Tracking is a passion of mine. One of the things I love doing, even when I’m out for a leisurely walk in the woods, is looking for tracks and sign left by animals. Even if you don’t see the animal, looking at the sign they have left behind can provide a fascinating insight into their behaviour. This is the first of what will be a series of short, informal articles on animal tracks and sign that I’ll post as and when I see things I think other people will find interesting.
I’ve seen roe deer in these woods before. A few years back, while I was sitting quietly, a doe and her two almost full-grown youngsters almost walked into me. It was a wonderful experience. Today I wasn’t so lucky to have even a glimpse of deer but there were signs of their presence. There was a faint deer trail through the leaves and I found some droppings on it but they weren’t so fresh. Roe deer droppings are quite small, cylindrical, often with one end pointed and one end indented. When they are fresh they are black and shiny, later becoming brown and matt.
Further along I found a laying-up area where an animal had rested. Roe are a little unusual amongst deer as they tend to scrape away leaves and vegetation, preferring to lay on bare earth. The resting places of other species such as fallow are often observed as just a deer-shaped flattening of leaves or vegetation.
Further on still I found fresh disturbance on some steep ground which an animal had traversed and here there were also some droppings that were quite fresh. Shortly after this point, the trail disappeared into a dense thicket of rhododendron.
Several species of animal will take bark off trees for food, particularly in winter. When trying to work out which species of animal has removed the bark, think about what the height of the damage suggests about the size of the animal. For example a deer can reach higher than a rabbit. As well as an animal’s stature, also consider abilities of various animals – for example squirrels will climb up and bark trees high up. Look for other sign of animals nearby – for example rabbit runs, deer racks, droppings, fur or hair, other feeding sign or anything else that corroborates your suspicions.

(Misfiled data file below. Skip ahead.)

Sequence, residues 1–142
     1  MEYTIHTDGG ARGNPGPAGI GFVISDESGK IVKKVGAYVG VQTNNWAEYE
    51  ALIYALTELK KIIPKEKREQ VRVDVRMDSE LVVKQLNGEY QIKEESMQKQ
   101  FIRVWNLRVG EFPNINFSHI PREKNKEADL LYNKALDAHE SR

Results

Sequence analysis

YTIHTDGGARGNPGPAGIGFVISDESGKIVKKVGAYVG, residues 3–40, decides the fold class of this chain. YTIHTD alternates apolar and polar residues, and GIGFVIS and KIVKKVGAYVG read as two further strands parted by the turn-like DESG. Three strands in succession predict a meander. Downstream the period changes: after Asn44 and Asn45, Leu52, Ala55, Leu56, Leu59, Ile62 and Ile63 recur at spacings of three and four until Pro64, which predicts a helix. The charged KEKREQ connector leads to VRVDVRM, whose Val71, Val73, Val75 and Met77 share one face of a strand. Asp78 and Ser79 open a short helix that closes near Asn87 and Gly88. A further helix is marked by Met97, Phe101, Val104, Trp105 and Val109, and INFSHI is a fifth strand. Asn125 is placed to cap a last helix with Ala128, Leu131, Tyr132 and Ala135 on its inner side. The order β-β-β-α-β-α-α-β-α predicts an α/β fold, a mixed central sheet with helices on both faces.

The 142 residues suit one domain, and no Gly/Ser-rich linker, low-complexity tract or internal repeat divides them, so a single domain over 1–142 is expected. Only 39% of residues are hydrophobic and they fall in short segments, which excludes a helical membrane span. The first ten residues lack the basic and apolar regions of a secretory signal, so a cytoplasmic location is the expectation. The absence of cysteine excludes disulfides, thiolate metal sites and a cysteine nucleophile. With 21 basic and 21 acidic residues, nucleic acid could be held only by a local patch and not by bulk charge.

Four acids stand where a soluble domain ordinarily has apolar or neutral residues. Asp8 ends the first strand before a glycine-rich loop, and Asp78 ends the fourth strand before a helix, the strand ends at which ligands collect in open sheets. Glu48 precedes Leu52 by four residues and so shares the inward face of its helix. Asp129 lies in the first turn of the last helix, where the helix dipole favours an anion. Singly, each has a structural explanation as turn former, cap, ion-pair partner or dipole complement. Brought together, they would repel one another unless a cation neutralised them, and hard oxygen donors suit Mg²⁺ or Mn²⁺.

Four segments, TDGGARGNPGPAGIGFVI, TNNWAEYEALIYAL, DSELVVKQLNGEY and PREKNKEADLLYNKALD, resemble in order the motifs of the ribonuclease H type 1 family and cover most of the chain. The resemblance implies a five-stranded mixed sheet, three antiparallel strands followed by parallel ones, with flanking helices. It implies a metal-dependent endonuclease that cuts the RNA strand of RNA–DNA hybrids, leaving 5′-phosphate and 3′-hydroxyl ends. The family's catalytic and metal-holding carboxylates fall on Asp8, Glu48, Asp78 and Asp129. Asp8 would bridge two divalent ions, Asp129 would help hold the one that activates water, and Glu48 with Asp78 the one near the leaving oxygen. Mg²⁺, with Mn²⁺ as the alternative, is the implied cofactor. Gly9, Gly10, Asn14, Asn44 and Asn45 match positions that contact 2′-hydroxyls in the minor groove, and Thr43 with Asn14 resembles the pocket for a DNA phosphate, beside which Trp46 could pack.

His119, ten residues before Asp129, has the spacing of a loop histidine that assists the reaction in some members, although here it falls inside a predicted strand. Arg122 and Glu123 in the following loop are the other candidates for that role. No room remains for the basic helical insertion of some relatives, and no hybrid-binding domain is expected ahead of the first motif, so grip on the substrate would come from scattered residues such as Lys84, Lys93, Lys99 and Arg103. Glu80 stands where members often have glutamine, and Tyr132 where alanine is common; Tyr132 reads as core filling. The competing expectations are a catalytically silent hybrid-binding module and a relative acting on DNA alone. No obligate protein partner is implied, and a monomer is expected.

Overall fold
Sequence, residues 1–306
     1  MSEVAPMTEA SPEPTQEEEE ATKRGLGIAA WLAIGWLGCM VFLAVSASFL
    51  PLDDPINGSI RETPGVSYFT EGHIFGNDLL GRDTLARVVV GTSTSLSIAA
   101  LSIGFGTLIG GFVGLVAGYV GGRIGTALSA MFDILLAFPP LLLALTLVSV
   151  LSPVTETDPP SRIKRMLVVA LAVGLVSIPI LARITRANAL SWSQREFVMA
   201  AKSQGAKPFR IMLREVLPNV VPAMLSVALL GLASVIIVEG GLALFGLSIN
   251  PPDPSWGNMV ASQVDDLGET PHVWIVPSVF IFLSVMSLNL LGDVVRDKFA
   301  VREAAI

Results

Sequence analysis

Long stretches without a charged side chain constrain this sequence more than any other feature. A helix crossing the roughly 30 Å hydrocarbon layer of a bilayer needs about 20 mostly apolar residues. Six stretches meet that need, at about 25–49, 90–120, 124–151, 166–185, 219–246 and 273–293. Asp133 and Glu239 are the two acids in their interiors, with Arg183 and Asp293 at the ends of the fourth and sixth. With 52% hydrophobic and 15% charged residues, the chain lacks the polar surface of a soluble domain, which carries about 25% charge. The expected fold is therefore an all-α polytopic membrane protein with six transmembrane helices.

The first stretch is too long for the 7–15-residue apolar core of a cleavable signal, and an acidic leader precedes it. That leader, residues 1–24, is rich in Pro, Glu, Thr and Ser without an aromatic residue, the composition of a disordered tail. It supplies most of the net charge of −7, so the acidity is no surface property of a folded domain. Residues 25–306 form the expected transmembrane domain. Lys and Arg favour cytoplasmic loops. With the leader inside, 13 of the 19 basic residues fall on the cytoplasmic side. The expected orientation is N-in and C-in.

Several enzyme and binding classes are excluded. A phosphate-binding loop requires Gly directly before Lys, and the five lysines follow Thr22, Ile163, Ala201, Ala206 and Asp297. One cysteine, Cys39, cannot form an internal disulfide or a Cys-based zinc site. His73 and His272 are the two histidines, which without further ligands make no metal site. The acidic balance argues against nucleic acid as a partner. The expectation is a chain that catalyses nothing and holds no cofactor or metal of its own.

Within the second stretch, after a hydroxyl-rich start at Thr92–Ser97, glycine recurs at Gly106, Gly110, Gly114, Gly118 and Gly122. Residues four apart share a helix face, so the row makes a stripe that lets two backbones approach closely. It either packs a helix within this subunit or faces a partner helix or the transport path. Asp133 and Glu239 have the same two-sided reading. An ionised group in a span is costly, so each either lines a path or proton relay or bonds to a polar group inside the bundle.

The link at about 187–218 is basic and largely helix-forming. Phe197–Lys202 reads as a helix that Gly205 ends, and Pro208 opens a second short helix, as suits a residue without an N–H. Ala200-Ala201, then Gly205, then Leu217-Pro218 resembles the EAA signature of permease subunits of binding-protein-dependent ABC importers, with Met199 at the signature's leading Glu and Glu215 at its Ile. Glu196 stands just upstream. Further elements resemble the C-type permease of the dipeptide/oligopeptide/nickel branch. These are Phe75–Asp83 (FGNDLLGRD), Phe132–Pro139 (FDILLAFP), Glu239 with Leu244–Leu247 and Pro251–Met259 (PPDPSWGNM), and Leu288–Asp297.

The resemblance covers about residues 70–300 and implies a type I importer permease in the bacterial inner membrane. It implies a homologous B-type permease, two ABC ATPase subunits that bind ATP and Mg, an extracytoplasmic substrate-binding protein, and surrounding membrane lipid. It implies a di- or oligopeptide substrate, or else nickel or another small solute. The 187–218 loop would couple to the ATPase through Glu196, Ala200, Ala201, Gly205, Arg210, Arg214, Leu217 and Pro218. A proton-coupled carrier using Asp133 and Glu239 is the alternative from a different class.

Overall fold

As you learn more about animal behaviour this knowledge will also help differentiate between similar damage made by different species. For example, deer and sheep are both ruminants and both have two incisor teeth at the front of their lower jaw and a hard pallet replacing their upper incisors; when deer bark trees they tend to insert their (lower) incisors and then strip the bark by running their teeth vertically up the trunk of the tree, whereas sheep tend to work more across the axis of the trunk, giving the appearance of nibbling rather than stripping.
The other day we came across a badger sett under a hawthorn hedge halfway up a hillside of moderate slope – classic positioning for a badger’s home. Later on in the woods, down near a stream, we found fresh evidence of badgers feeding from a rotten tree stump. The mossy turf had been pulled back, the earth dug and the stump raided for grubs.
Not long before dusk we were walking through a mature conifer plantation. We came into an area populated by mature larches, lofty and well spaced with a mossy understorey. We stopped for a brew and nearby there were a couple of owl pellets. Owl pellets are a mass of regurgitated indigestible material that does not pass through the owl’s gut. The contents of the pellet give you a very good idea of what the owl has been feeding on.
The size, shape and contents of the pellet also gives a good indication of which species of owl might have produced it. This is something I’m by no means an expert in but my deduction, based on the uneven nature of the surface of the pellet and the number of bones showing and protruding, is that these pellets were produced by a tawny owl. They were quite long though so I also considered whether they might have been produced by a long-eared owl based on descriptions in my field guide. If any ornithologist reading can shed more light on this, then I’d be most appreciative.
Latest posts by Paul Kirtley (see all)
- #AskPaulKirtley Episode 49 – Water Filters, Emergency Communications, Pignut Recipes & Being Useful On Canoe Trips - April 16, 2017
- The Canoe: A Film To Be Savoured - March 2, 2017
- #AskPaulKirtley Episode 48 – Bushcraft Instructing, Winter Wild Edibles, Uses Of Willow, Tool Sharpening and Bivvy Bag Use In The Open - February 11, 2017